WASHINGTON – For almost two hours Friday, the president of the Federal Reserve Bank of New York defended heated assertions from Democratic senators that his institution is too cozy with big banks to be an effective guardian of the financial system.
At times stammering and flustered, New York Fed President Bill Dudley stood behind the work of his staff and insisted that the nation’s too-big-to-fail banks were safer for it.
The Senate Subcommittee on Financial Institutions and Consumer Protection called the hearing to explore issues of regulatory capture in light of reports by ProPublica and This American Life and other news media that the New York Fed had failed to act aggressively in the face of suspect transactions or questions raised by its examiners.
But Dudley insisted the New York Fed had adopted an array of changes since the 2008 financial crisis, including steps to remedy what a 2009 study said was a culture of deference and unwillingness to hear dissenting views.
“We should be judged on where the banking industry is today versus where it was six years ago,” said Dudley. “I think we’ve made a lot of progress. Are we where we want to be? Absolutely not.”
He also pointed to yesterday’s announcement by the Federal Reserve Board that it had launched reviews of its supervisory procedures involving big banks, to be conducted both internally and by the Fed’s inspector general’s office.
No Republican senators attended Friday’s session, leaving Dudley to confront a handful of Democrats who took turns firing off one series of skeptical questions after another.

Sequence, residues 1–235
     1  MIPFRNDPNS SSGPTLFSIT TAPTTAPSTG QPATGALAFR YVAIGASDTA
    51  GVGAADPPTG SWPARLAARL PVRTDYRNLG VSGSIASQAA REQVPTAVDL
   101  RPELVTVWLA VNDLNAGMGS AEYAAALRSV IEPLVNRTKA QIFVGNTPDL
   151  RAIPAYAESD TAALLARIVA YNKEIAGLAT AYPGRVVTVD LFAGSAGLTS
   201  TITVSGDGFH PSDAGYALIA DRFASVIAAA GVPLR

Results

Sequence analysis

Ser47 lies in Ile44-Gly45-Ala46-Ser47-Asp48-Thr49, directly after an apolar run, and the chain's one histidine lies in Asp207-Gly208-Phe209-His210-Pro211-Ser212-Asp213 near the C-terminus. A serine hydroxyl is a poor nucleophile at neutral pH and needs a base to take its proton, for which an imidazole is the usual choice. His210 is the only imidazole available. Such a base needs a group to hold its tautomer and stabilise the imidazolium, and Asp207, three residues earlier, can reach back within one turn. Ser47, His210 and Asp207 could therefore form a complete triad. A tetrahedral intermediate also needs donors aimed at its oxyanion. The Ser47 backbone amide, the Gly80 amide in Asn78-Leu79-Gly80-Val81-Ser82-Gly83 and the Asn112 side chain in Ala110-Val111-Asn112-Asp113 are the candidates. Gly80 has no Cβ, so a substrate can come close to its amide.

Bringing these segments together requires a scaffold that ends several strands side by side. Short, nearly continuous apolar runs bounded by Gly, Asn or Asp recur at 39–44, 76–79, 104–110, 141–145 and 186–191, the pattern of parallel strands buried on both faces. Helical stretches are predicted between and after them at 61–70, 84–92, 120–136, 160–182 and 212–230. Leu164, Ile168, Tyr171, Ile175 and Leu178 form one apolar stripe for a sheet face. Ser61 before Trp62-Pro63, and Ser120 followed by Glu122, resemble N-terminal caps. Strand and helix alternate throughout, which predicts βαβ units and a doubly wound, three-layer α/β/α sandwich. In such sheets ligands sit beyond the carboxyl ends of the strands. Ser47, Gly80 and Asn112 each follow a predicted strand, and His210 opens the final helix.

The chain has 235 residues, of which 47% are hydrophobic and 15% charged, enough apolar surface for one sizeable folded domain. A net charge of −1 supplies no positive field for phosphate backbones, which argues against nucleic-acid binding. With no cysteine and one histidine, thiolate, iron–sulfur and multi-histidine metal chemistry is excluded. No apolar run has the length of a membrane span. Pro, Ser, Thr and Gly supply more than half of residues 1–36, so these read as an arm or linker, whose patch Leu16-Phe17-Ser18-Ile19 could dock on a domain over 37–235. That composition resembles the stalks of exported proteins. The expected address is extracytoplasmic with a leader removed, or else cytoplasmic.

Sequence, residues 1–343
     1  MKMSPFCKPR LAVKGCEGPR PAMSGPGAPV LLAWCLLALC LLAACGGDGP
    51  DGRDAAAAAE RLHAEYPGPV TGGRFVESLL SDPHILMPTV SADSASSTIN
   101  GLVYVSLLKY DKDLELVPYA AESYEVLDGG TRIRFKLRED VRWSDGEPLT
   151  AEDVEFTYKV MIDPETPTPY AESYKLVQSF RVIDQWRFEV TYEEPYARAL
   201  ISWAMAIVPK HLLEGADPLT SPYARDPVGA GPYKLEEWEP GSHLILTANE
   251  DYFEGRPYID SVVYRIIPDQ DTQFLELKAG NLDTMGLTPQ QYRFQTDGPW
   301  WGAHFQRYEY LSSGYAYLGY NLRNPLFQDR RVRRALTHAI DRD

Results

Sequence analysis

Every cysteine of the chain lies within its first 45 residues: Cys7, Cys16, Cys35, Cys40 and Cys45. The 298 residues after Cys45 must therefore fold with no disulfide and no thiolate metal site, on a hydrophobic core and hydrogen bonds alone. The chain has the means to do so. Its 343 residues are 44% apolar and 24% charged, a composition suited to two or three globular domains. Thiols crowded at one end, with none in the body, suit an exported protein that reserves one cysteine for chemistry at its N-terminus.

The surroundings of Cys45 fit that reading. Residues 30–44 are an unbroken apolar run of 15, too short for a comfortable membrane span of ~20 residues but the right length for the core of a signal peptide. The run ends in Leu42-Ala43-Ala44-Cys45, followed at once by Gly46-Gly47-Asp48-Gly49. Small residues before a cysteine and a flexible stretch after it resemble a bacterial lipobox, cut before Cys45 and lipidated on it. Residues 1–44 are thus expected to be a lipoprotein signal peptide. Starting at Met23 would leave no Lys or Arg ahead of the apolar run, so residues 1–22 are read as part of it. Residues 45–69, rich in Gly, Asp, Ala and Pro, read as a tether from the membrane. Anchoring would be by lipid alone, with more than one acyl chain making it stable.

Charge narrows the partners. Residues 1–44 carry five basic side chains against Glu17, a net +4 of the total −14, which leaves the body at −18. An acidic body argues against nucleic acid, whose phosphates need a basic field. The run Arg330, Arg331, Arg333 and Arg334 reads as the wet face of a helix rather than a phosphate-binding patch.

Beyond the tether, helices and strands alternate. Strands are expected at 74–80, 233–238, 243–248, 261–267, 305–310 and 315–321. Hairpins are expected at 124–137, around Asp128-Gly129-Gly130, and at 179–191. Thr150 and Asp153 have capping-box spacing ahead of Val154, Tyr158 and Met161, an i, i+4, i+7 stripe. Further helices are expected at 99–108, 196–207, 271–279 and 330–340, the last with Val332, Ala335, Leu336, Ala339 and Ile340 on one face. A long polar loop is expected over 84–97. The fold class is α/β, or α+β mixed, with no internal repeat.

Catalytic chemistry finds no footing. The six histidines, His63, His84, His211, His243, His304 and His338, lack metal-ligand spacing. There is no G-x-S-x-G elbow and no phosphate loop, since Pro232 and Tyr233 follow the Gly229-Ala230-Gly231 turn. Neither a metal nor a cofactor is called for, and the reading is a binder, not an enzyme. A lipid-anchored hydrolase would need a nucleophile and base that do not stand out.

Chairman Sherrod Brown of Ohio described Dudley’s written testimony as “a sunny description” belied by a lack of public confidence in financial regulators. Sen. Jeff Merkley of Oregon termed Dudley’s defense of the New York Fed “a very glib presentation of everything being wonderful.”
Dudley disagreed that the New York Fed’s role is to police Wall Street, describing it more like that of a “fire warden” to ensure the financial system “does not catch on fire and burn down.” In several sharp exchanges with Massachusetts Sen. Elizabeth Warren, he declined to concede that the New York Fed’s culture contributed to weak oversight.
“Is there a cultural problem at the New York Fed? I’m convinced there is. I think the evidence says that there is,” Warren admonished. “You need to fix it Mr. Dudley, or we need to get someone who will.”
Questioning at several points touched on incidents involving Carmen Segarra, a former New York Fed examiner who secretly recorded some 46 hours of meetings while embedded at Goldman Sachs in 2012. Segarra, part of a new wave of specialists hired by the New York Fed after the financial crisis, was fired after seven months on the job.
A week before her dismissal, Segarra’s supervisor tried repeatedly to convince her to change her views on whether Goldman Sachs had a conflicts-of-interest policy. Segarra contends in a …read more